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Hi

You are right on about the shark but you can always reclamp the stock down, I'm a long time user of the Carvewright systems. point and click system, you will find many on both sides of the fence, if you like to playing with computer and setups the Shark is for you if not the Carvewright machine is for you..plus you have support for the Carvewright machine right on line..with the great Carvewright forum..

CarveWright Corner - The Front Page
http://forum.carvewright.com/forum.php
CarveWright.com

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I'm looking at the Shark but also considering the Carvewright .Can anyone tell me why I would choose one over the other? It seems that the Carvewright is more versatile in that the length of your workpiece is unlimited, while from what I understand on the Shark you are limited to 25 inches. Correct me if I'm worng please. Thanks
 

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Shark and longer routing

Yes, it's been a bit hard to route say a 6' sign with the Shark. Many of us Shark owners have developed "work-a-rounds", but now with the new version of VCarve (6.0) it's become a lot easier as the software will now allow you to split your design! You still have to re-position your work but there are many "tricks" for doing that.

I still think the Shark Pro or Pro+ would be your best bet if you plan on developing a business of any type as you will find as your business builds you may need a larger CNC router and why take the time then to learn a new machine and software. With the shark you will have the understanding of machine operation, use of software and have the bits to start with.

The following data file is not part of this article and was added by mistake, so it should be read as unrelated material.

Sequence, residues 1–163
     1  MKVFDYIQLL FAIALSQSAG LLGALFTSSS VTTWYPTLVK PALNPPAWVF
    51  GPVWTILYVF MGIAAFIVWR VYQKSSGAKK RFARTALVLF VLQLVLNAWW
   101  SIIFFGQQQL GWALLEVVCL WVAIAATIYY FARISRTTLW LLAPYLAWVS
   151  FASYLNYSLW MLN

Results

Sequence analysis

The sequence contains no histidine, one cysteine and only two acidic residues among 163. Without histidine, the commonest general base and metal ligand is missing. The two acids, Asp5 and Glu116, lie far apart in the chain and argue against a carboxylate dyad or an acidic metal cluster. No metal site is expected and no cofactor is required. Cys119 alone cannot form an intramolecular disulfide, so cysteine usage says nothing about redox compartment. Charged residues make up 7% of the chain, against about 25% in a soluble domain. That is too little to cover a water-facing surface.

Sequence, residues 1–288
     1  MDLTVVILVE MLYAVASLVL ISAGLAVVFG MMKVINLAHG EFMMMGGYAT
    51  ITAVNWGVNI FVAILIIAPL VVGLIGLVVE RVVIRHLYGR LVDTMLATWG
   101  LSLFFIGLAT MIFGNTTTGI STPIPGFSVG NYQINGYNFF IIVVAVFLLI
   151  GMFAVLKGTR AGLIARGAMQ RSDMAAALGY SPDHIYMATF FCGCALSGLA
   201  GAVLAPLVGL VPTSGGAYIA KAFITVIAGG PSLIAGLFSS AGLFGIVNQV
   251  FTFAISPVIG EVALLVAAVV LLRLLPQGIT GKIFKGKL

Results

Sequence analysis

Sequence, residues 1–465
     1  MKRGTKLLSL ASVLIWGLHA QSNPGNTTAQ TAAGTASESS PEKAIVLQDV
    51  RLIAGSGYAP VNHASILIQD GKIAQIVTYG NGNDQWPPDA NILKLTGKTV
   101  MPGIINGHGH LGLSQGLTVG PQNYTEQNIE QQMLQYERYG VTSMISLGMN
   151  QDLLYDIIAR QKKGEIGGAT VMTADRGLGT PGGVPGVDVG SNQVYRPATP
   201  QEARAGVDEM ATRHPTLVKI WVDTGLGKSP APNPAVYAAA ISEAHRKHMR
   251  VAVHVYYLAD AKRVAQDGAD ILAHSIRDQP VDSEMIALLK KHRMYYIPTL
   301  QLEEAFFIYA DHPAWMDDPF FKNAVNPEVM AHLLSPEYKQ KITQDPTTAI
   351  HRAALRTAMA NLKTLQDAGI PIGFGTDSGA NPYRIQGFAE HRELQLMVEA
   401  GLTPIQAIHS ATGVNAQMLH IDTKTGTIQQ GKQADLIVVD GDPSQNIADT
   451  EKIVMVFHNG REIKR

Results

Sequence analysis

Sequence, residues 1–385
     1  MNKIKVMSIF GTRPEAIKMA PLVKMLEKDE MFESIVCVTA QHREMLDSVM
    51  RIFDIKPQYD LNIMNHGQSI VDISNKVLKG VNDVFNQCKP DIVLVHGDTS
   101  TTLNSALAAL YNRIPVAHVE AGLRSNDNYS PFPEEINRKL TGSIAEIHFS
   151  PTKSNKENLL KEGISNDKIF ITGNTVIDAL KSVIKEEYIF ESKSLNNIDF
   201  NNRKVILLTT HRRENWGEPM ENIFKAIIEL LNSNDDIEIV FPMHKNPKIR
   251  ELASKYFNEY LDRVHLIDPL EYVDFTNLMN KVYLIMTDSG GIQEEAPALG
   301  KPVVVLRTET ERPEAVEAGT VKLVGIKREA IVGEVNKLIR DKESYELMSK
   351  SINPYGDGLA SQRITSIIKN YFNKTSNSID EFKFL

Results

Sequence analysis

Just an old signmakers (still doing a lot of freehand routing of signs) thoughts...

Be Safe & Take Care...

Mike
 

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Hi

You are right on about the shark but you can always reclamp the stock down, I'm a long time user of the Carvewright systems. point and click system, you will find many on both sides of the fence, if you like to playing with computer and setups the Shark is for you if not the Carvewright machine is for you..plus you have support for the Carvewright machine right on line..with the great Carvewright forum..



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We have an Epilog Mini Helix Laser Engraver and a Carvewright in our shop. The Carvewright is so maintenance intensive that we are thinking of replacing it with a different CNC machine. The Carvewright definitely creates too much down time.
 

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Hi Mike, welcome.
 

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I have purchased two in the past, one for each university I was / am at. Heaven forbid I end up at another university in the future, I will buy another one for there. I do like them, a lot! My only gripe is that the router head flexes too much when cutting carbon fiber, even when I have the feed rate turned down to 5 ipm and a fresh milling bit put in. I am going to have our machine shop make a new Z axis mount in aluminum.

That said, I am sure Next Wave did not intend for their machine to cut out carbon fiber rocket parts. :D